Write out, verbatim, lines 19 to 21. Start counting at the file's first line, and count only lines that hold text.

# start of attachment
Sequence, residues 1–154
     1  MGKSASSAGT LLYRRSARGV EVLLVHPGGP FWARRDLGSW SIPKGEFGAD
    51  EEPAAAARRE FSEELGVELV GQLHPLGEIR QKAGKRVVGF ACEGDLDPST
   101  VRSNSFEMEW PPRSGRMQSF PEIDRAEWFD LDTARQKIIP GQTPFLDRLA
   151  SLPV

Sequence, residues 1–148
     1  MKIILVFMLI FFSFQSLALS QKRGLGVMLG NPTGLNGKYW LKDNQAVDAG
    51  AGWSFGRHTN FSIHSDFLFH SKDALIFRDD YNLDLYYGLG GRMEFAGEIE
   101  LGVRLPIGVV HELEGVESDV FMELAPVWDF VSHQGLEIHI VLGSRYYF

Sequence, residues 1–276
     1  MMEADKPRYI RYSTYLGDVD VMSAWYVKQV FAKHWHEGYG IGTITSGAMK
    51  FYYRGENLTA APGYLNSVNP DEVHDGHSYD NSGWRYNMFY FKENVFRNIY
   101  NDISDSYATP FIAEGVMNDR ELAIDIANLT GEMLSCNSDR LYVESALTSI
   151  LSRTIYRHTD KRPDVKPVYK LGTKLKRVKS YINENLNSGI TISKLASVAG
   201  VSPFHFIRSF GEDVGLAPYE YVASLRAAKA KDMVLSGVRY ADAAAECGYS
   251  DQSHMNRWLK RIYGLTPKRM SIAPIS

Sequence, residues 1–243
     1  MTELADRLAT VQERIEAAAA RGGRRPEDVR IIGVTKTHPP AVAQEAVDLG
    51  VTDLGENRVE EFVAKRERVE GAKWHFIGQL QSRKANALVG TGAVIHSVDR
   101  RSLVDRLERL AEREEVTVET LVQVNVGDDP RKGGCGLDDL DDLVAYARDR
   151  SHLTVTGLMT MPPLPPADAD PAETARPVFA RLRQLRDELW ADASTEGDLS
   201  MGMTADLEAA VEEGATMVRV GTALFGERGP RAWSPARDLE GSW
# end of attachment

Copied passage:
    51  VTDLGENRVE EFVAKRERVE GAKWHFIGQL QSRKANALVG TGAVIHSVDR
   101  RSLVDRLERL AEREEVTVET LVQVNVGDDP RKGGCGLDDL DDLVAYARDR
   151  SHLTVTGLMT MPPLPPADAD PAETARPVFA RLRQLRDELW ADASTEGDLS